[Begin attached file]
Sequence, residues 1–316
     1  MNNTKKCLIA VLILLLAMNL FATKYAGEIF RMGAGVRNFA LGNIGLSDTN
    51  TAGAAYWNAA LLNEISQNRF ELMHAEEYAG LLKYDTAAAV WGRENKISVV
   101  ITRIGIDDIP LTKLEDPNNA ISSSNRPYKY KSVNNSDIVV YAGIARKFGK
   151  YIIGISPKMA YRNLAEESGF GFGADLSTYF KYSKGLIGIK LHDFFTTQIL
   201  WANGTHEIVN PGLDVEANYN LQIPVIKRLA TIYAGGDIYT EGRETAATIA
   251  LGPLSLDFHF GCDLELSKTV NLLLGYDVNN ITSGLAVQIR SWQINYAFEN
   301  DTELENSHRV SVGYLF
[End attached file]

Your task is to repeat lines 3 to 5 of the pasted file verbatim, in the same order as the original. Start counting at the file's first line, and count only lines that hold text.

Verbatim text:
    51  TAGAAYWNAA LLNEISQNRF ELMHAEEYAG LLKYDTAAAV WGRENKISVV
   101  ITRIGIDDIP LTKLEDPNNA ISSSNRPYKY KSVNNSDIVV YAGIARKFGK
   151  YIIGISPKMA YRNLAEESGF GFGADLSTYF KYSKGLIGIK LHDFFTTQIL